We ordered the house special, which is at the top of the specials board every night. Agedashi tofu – tofu covered in a little light batter, served in a bowl of dashi (a kind of bouillon or stock made from dried bonito and kelp) is served in most Japanese restaurants, but I swear it’s never tasted this good before. The disc of tofu was almost floral in its freshness, and the dashi (considered a true assessment of any Japanese chef’s skill) was outstanding – a totally different creature from many I’ve tried. Alongside the traditional accompaniment of spring onions, the tofu was decorated with a few pearls of salmon roe, shredded nori, some tiny mushrooms and a dab of chilli sauce, all of which acted as seasoning rather than garnish – salt, iodine-richness, earthiness and heat.
I’ve no idea what that tofu cost – we asked the prices of what was on the specials board and didn’t get any answers. (Only dodgy bit of service of the evening, and something that doesn’t seem to be isolated; we got talking to a customer in another Japanese restaurant later in the week who felt he’d spent far more at Raku than he meant to, simply because of that number-free specials board and some flirtation with o-toro and foie gras.) Another special at a mystery price – six tiny crabs, each about the size of a ping-pong ball. They arrived having emerged moments ago a wok of oil so hot that there was no greasiness to them at all, to be popped into the mouth whole, and crunched. I was expecting puncture wounds to the inside of my cheeks, but they g
ave to the teeth like crisp wafers, with a burst of fresh crab creaminess in the centre. I could have eaten twenty.
The robata-grilled dishes arrived in a flurry. American Wagyu skirt steak, marinaded in a sticky soy mixture and served with garlic chips ($6.00). Fat Kurobuta pork cheeks (a ridiculous $2.50, pictured below), threaded on a skewer, caramelised and smoky from their marinade and the charcoal grill. Shishito peppers ($2), delicate, sweet and mildly spiced. And a remarkable thing the menu calls “potato with corn” ($3). Discs of sweetcorn, the hard hull in the centre somehow magically removed and replaced with a smooth mashed potato, the whole then brushed with a little soy-based magic and grilled until they became tender and smoky.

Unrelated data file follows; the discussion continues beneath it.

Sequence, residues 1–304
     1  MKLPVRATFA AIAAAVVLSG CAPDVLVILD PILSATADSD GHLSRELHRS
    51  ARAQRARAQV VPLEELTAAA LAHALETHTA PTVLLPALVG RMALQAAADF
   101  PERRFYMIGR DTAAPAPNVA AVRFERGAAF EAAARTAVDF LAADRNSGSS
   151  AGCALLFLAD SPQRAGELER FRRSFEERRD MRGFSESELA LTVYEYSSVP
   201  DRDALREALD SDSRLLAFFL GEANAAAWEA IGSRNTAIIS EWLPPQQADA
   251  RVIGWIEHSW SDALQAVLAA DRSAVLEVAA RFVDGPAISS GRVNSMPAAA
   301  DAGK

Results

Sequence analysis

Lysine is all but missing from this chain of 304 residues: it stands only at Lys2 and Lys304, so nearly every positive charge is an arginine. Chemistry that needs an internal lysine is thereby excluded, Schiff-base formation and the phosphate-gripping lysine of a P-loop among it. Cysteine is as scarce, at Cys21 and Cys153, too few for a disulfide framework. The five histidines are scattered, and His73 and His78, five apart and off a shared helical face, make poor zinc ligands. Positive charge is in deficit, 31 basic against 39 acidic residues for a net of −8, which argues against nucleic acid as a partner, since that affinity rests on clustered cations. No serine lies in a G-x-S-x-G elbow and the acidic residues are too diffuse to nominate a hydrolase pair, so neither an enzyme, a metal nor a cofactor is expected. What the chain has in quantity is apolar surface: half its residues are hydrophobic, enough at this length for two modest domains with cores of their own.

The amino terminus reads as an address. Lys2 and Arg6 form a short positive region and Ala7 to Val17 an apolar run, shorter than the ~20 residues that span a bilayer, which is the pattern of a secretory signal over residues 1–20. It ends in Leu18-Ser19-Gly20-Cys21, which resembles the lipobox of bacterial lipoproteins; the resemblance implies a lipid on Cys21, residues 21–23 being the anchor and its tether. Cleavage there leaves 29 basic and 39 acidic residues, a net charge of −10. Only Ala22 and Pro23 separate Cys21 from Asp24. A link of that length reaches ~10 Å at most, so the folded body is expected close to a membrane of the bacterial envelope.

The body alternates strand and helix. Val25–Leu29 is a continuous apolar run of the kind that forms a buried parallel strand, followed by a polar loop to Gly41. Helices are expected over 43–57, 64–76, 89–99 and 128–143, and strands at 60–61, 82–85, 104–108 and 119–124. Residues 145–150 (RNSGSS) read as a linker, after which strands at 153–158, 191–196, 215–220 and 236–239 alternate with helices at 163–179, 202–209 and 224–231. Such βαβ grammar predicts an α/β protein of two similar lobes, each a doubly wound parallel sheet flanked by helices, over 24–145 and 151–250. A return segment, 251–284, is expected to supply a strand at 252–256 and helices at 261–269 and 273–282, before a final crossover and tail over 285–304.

This is a long post for food that’s not terribly complicated: the restaurant deserves it. When something as seemingly simple as the operation of a charcoal grill is done with such aplomb that the results surprise you as much as they did here, you know you’re onto something pretty special. It pays to explore any city’s less central dining; we found two off-strip gems in Vegas on this trip (more about the other later on) to go with Lotus of Siam, another Vegas Asian restaurant in a strip mall. I’ve not even talked about the superbly welcoming atmosphere at Raku, the handsome room or the generally excellent service – the food’s good enough to eclipse all that. If you’re in the city, drive out there or take a cab, and explore the more curious-sounding corners of the menu. You’ll find yourself rewarded a million times over for the effort.
Gordon’s Gin competition
Are there any two sweeter words than “gin competition”?
While I’m busy in my pyjamas today recovering from Phoenix and its near-deadly lawn chairs (see previous post), I’ve got another competition for you. This time, you can win a Gordon’s Gin Friday Pack, full of everything you need for a Friday night in with friends. The pack will include a bottle of Gordon’s Gin, a set of Gordon’s glassware and a Gordon Ramsey cook book.
The deadline for this one is Friday October 9. To enter, leave a comment below letting me know what you’d do with the gin; I could do with some new cocktail ideas!
Entrants must be resident in the UK, and over 18 years old. And although I think this is nannying you to a degree you don’t require – it’s not my business if you enjoy drinking gin by the bottle – I am required to display the Drinkaware logo, which I think is meant to discourage you from doing anything that might get your stomach pumped. Here it is – click on it if you want governmental advice on how to deal with a hangover.
Janilizi is the winner of the two tickets to Lille – well done! I’ll put you and the Eurostar people in touch today.
I am, as you may have noticed, back from America considerably later than was expected; a friend we were with ended up in hospital for a week, so we stayed with him until he was able to travel back to the UK. Business as usual resumes tomorrow (and I’ll get Twitter going again today) – and I’ve plenty of food to tell you all about! I intend on spending the rest of today staring fixedly ahead in pyjamas.